The natural stress response is usually self-regulating and short-term. When the threat is gone, your body returns to normal. As your adrenaline and cortisol levels drop, your pulse, breathing and blood pressure as well as energy levels return to their baseline levels. Other systems inhibited by the stress response return to their regular activities.

The Science of Stress: Learn the Neuro-chemical and Physiological Effects of Stress

What Are the Signs and Symptoms of Stress?

Stress symptoms are associated with the release of adrenaline, cortisol and other hormones as well as decreased activity of organ systems during stressful events; these symptoms can include, rapid heart rate and respiratory rate, increased blood pressure, diarrhea or constipation, upset stomach, nausea or vomiting, cold and clammy hands, headache as well as muscular tension.

Signs of stress may be mental, emotional, physical or psychological; these signs can include irritability, restlessness, agitation, moodiness, sleep disturbance, anxiety, social withdrawal or even depression.

Overwhelming stress can lead to burnout. It is a process which results from intensive and long-term stress for workers, entrepreneurs and students as well as moms and dads. The most effective way to avoid burnout is to achieve a healthy balance between work and leisure.

The natural stress response goes awry when stress is constant, prolonged and excessive. In today’s society, most people are inundated with overwhelming stress which can lead to stress-related illnesses.

There are serious stress consequences affecting your body. By making some changes in your lifestyle, you can avoid harmful health effects, signs and symptoms of stress.

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What do you thinks? Please share your comments. 3 comments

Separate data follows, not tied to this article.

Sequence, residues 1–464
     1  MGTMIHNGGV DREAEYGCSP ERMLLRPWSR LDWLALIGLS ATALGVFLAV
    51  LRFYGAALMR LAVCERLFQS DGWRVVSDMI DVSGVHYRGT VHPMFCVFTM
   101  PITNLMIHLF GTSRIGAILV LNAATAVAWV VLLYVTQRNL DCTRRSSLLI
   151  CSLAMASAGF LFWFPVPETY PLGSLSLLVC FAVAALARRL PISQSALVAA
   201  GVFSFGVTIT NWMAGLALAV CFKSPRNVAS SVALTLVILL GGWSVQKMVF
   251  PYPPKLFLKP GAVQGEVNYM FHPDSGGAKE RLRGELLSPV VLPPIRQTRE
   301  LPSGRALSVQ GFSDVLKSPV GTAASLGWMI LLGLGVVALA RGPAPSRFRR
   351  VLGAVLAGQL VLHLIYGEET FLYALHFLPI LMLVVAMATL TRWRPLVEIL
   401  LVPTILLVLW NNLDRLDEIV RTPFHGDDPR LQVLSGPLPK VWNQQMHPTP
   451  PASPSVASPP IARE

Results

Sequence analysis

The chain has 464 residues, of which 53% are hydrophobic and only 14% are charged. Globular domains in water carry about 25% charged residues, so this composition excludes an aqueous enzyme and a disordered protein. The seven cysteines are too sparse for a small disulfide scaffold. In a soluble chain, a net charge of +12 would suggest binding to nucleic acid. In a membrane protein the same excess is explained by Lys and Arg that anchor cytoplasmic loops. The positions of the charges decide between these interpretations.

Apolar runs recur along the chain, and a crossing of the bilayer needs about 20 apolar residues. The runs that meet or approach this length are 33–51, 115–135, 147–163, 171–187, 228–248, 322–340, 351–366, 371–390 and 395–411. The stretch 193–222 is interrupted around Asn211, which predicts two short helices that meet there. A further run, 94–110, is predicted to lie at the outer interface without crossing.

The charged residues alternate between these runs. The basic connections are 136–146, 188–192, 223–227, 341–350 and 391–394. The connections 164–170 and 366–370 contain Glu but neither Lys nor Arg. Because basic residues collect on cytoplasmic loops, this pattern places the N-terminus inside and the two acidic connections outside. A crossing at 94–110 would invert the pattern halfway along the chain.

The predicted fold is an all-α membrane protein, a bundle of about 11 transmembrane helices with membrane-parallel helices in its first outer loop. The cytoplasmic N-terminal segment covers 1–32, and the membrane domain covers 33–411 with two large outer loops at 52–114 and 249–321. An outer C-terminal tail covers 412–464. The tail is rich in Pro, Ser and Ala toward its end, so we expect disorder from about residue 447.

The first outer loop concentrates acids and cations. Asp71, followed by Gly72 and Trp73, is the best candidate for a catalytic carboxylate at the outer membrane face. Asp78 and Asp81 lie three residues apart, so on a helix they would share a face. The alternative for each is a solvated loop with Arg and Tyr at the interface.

Papa Sez profile image

Papa Sez 6 years ago from The Philippines to Canada

Hi allie, I feel I am stressed out when the muscles around the shoulder/neck area tighten. It is often painful and does not go away for a while, thus bothers me. It's difficult to stop the chain reaction with all the triggers around...both small and big issues. I have to learn to control fear, anger, etc. Thanks for these explanations.


allie8020 profile image

allie8020 6 years ago from San Francisco Bay Area, California Author

Hi Papa Sez! You're welcome.

Watch you own unique signs of stress. As soon as you notice some signs of stress coming on, STOP and take care of yourself. This could be as simple as playing with your kid(s), listening to music, dancing, yoga or whatever relaxes you.

I have a very bad habit of not taking breaks when I'm writing. By the time I realize what I have done, I usually have a throbbing headache. A good workout is usually the only thing that will get rid of the headache.

Exercise is an example of positive stress which can be beneficial for you; so, take advantage of it. Of course, you also get a huge bonus of endorphins.

Thanks for all your comments.

Allie


Cheeky Girl profile image

Cheeky Girl 6 years ago from UK and Nerujenia

Wow, this is amazing. The videos speak for themselves. This is a great hub, Allie!